Having seen the whole cycle of the timeshare industry, (my first timeshare development was RCI Number 78; they are now up to about 3,100) it has been interesting to see the entire evolution of the business.
timeshare, timesharing, timesharingmadness, marketing, internet
Since the product is so sound, it has withstood assaults by the scammers and marginal developers. It has reached maturity to the point that the major timeshare players from here on will be the Hiltons, Marriotts, Hyatts, etc. Timesharing works! Most people who own them love them. Not everyone, however, can keep them forever.
While the developers were pumping out virtually millions of new timeshares, no attention was paid to what happens when someone wants to or must resell them. Just now a method of resales is beginning to happen. Unfortunately it is way overdue. Prices fall in a market vacuum and when there was no system, people would try to sell their timeshares, fail, drop the price and fail again. What would stocks and bonds be worth if there were no New York Stock Exchange? The result was such that the pricing of timeshare resales fell to ridiculously low levels. Most resales now are priced at about a quarter of replacement value (75% off). Let’s face it. Timeshare resales represent one of the greatest consumer values anywhere today.
Does that mean that the public paid too much for the timeshares they bought from the developers? Not really. In my many years in the business there have been very few timeshare developers who really made a lot of money. Anyone developing a new project today must price it way up there just to recover his or her investment and hopefully make a reasonable profit. For one thing the cost of selling new product is very high. Remember all those free gifts you got when you went to the timeshare presentation? Guess what? They weren’t free. The cost was in the price. About half the price of new product went to sales and marketing costs. The second major factor was financing. The people who made the real money in timesharing were the lenders. The hotel chains do not have such high marketing costs due to economies of scale. Further, they in most cases do their own financing. If you have priced such product, you will find that it still goes for two to three times that of resales.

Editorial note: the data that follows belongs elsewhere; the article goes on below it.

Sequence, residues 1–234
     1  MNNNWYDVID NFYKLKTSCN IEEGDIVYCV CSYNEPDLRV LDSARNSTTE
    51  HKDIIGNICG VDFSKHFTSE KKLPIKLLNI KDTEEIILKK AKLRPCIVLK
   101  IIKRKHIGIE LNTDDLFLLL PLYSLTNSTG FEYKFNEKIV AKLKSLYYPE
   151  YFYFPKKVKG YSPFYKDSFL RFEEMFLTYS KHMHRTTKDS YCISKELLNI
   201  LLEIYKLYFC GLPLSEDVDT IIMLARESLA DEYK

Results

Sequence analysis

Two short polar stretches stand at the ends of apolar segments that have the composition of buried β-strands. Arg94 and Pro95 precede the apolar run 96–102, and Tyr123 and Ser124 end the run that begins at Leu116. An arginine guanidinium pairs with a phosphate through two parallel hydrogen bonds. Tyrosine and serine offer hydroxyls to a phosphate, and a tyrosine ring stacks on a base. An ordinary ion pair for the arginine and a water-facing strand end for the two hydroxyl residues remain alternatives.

Unfortunately, some of the left over scammers from the original business saw another great opportunity, that of preying on the timeshare owners who needed to sell. The system was simple. They would call the owners of timeshares and say that they had their timeshares sold for a lot of money and would consummate the transaction as soon as they had received $350 or $500 or $3,000 up front. Needless to say, as soon as they had enough money, they would close down and move on to the next county where they would start the process over. They were hard to catch although some progress has been made recently and some of them (way too few) are now in prison. The simple solution for you to this problem is to just not pay front sales fees. You will be right most all of the time. The payment of nominal advertising fees is of course legitimate. Just as you would place an ad in the newspaper (doesn’t work for timeshare resales), some specialty advertising is necessary if you want to attempt to sell the timeshare yourself. Once you are over $100 for such services you are probably paying too much. As an example, one legitimate resale broker holds auctions. He charges up front for the auction hall and advertising because the auctioneer charges him those same fees.
People such as us saw a need to provide a legitimate method of resales. This timeshare sub-industry is just now in its infancy. So what will happen next? We have already seen it. As the resale industry becomes more efficient, it will exert more and more upward price pressure and the prices will go up! We have seen a major impact in the resorts in which we are involved. Most of the really low priced timeshares have already resold. It’s like harvesting apples. You shake the tree and pick up the apples. The next time you have to shake the tree harder. As the prices go up, two things will happen. The sellers will not have to take such a big loss and the buyers will not get such good deals. It seems that the public is starting to understand this. We have seen a great upsurge in the business in just the last few months.
As we tell potential sellers, as long as you are using the timeshare, renting it or otherwise achieving value out of it, there is no real downside to hanging on to it until the prices rise. On the other hand, if you are getting no use out of it, it’s like the retail business where the first markdown is the least costly. Whereas the price will go up, it’s highly unlikely it will go up faster than the buildup of homeowner’s dues and taxes. As a result, it’s better to just take your lumps and sell it as soon as you can.
On the other hand, if you are a potential buyer, don’t wait around! You can either obtain a timeshare now at these ridiculously low prices or you can wait and pay more later for the same thing. Your call.